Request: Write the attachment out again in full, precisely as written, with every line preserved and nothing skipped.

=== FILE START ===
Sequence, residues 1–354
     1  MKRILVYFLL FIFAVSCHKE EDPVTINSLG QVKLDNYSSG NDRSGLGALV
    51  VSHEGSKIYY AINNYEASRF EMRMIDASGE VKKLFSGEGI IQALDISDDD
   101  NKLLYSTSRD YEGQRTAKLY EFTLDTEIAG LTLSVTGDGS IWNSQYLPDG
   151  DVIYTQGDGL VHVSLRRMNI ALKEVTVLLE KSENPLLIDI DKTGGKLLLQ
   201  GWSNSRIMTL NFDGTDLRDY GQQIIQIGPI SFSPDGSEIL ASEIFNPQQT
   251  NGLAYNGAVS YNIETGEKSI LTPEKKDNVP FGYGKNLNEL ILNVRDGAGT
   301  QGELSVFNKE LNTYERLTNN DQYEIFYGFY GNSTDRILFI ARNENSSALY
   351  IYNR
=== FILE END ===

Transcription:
Sequence, residues 1–354
     1  MKRILVYFLL FIFAVSCHKE EDPVTINSLG QVKLDNYSSG NDRSGLGALV
    51  VSHEGSKIYY AINNYEASRF EMRMIDASGE VKKLFSGEGI IQALDISDDD
   101  NKLLYSTSRD YEGQRTAKLY EFTLDTEIAG LTLSVTGDGS IWNSQYLPDG
   151  DVIYTQGDGL VHVSLRRMNI ALKEVTVLLE KSENPLLIDI DKTGGKLLLQ
   201  GWSNSRIMTL NFDGTDLRDY GQQIIQIGPI SFSPDGSEIL ASEIFNPQQT
   251  NGLAYNGAVS YNIETGEKSI LTPEKKDNVP FGYGKNLNEL ILNVRDGAGT
   301  QGELSVFNKE LNTYERLTNN DQYEIFYGFY GNSTDRILFI ARNENSSALY
   351  IYNR